Physics and Philosophy
The Physics and Philosophy concentration is for students with a deep interest in physics who do not need to acquire the laboratory and computational skills of a professional physicist. The concentration allows students to grapple with computational problems and deepen their investigation of conceptual and epistemological issues. By the end of the program, concentrators possess an excellent conceptual understanding of the most philosophically interesting physics, relativity and quantum mechanics.
Students in this concentration will:
- Attain an understanding of philosophical areas of physics, including relativity and quantum mechanics
- Grasp the nature of physics, the distinction between physics and philosophy, and the character of physical law
- Understand the philosophical fields of epistemology and metaphysics
- Research and write a thesis relating to the philosophical aspects of the physical world
Click here for a list of the Physics and Philosophy concentration requirements.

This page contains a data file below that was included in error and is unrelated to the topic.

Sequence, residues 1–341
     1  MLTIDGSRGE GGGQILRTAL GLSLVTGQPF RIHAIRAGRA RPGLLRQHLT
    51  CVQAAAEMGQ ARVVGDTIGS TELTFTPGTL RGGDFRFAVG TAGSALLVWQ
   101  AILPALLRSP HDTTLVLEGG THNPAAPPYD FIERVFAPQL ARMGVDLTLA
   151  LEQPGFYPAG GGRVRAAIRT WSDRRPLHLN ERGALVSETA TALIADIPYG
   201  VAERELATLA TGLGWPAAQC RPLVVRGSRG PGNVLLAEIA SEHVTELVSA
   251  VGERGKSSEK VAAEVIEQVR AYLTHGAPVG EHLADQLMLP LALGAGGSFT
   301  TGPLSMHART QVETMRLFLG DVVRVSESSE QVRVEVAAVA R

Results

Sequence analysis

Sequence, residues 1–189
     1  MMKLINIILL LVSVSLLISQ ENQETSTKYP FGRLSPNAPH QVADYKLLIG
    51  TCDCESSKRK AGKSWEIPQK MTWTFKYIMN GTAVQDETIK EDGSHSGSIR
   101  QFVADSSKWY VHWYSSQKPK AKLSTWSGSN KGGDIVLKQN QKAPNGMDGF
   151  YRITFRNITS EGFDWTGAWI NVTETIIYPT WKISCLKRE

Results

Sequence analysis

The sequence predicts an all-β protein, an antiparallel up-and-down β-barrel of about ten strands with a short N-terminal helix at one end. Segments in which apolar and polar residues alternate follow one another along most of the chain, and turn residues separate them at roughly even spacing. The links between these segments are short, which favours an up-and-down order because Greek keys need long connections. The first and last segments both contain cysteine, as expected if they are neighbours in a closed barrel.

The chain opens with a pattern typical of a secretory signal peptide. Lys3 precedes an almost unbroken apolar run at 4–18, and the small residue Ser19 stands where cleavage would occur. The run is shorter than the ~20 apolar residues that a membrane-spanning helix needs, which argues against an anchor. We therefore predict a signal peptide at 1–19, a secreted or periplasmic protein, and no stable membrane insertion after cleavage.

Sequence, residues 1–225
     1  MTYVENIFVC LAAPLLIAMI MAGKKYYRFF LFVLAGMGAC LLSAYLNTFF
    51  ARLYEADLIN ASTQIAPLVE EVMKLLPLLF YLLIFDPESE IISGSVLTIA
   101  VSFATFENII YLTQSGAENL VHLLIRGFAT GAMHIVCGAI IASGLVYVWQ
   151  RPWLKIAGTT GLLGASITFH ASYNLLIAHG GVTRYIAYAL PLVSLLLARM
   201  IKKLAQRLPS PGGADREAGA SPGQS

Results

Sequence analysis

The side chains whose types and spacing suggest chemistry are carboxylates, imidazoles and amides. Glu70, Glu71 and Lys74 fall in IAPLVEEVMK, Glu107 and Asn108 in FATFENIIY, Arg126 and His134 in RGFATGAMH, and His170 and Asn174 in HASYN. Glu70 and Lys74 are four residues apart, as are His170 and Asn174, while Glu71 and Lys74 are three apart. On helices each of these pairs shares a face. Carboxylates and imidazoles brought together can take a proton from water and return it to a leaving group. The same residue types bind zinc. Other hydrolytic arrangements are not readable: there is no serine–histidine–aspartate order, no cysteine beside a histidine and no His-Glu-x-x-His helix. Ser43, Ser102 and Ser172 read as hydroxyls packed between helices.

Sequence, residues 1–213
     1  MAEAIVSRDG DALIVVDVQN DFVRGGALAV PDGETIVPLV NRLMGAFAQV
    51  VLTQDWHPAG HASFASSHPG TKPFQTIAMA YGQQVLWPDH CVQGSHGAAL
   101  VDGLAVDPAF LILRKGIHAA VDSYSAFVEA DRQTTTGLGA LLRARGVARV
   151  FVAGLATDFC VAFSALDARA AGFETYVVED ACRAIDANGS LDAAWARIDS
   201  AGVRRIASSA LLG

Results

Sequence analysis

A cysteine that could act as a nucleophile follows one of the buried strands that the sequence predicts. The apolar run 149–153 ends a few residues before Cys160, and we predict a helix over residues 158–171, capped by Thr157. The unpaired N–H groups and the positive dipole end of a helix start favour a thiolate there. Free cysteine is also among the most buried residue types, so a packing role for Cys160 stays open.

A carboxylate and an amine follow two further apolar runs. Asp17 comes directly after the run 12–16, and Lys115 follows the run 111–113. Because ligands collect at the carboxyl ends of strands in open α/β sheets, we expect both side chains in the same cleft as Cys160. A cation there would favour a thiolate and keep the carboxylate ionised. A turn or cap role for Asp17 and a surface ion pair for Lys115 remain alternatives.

Honors and CapstonesView Honors website
Seniors wishing to earn Honors by presenting an Honors thesis should consult their concentration advisor during their sixth semester. Students should have a grade point average of over 3.4 in physics, philosophy and history of science courses (of which at least five must be taken for a letter grade). Honors theses are usually prepared over a period of two semesters with an advisor from the Department of Physics or the Department of Philosophy. Please see the program's website for a complete description of program requirements.
This concentration allows you to address the following Liberal Learning goals:
- Expand your reading skills
- Collaborate fully
- Understand differences among cultures
- Engage with your community
- Develop a facility with symbolic languages
- Experience scientific inquiry
- Evaluate human behavior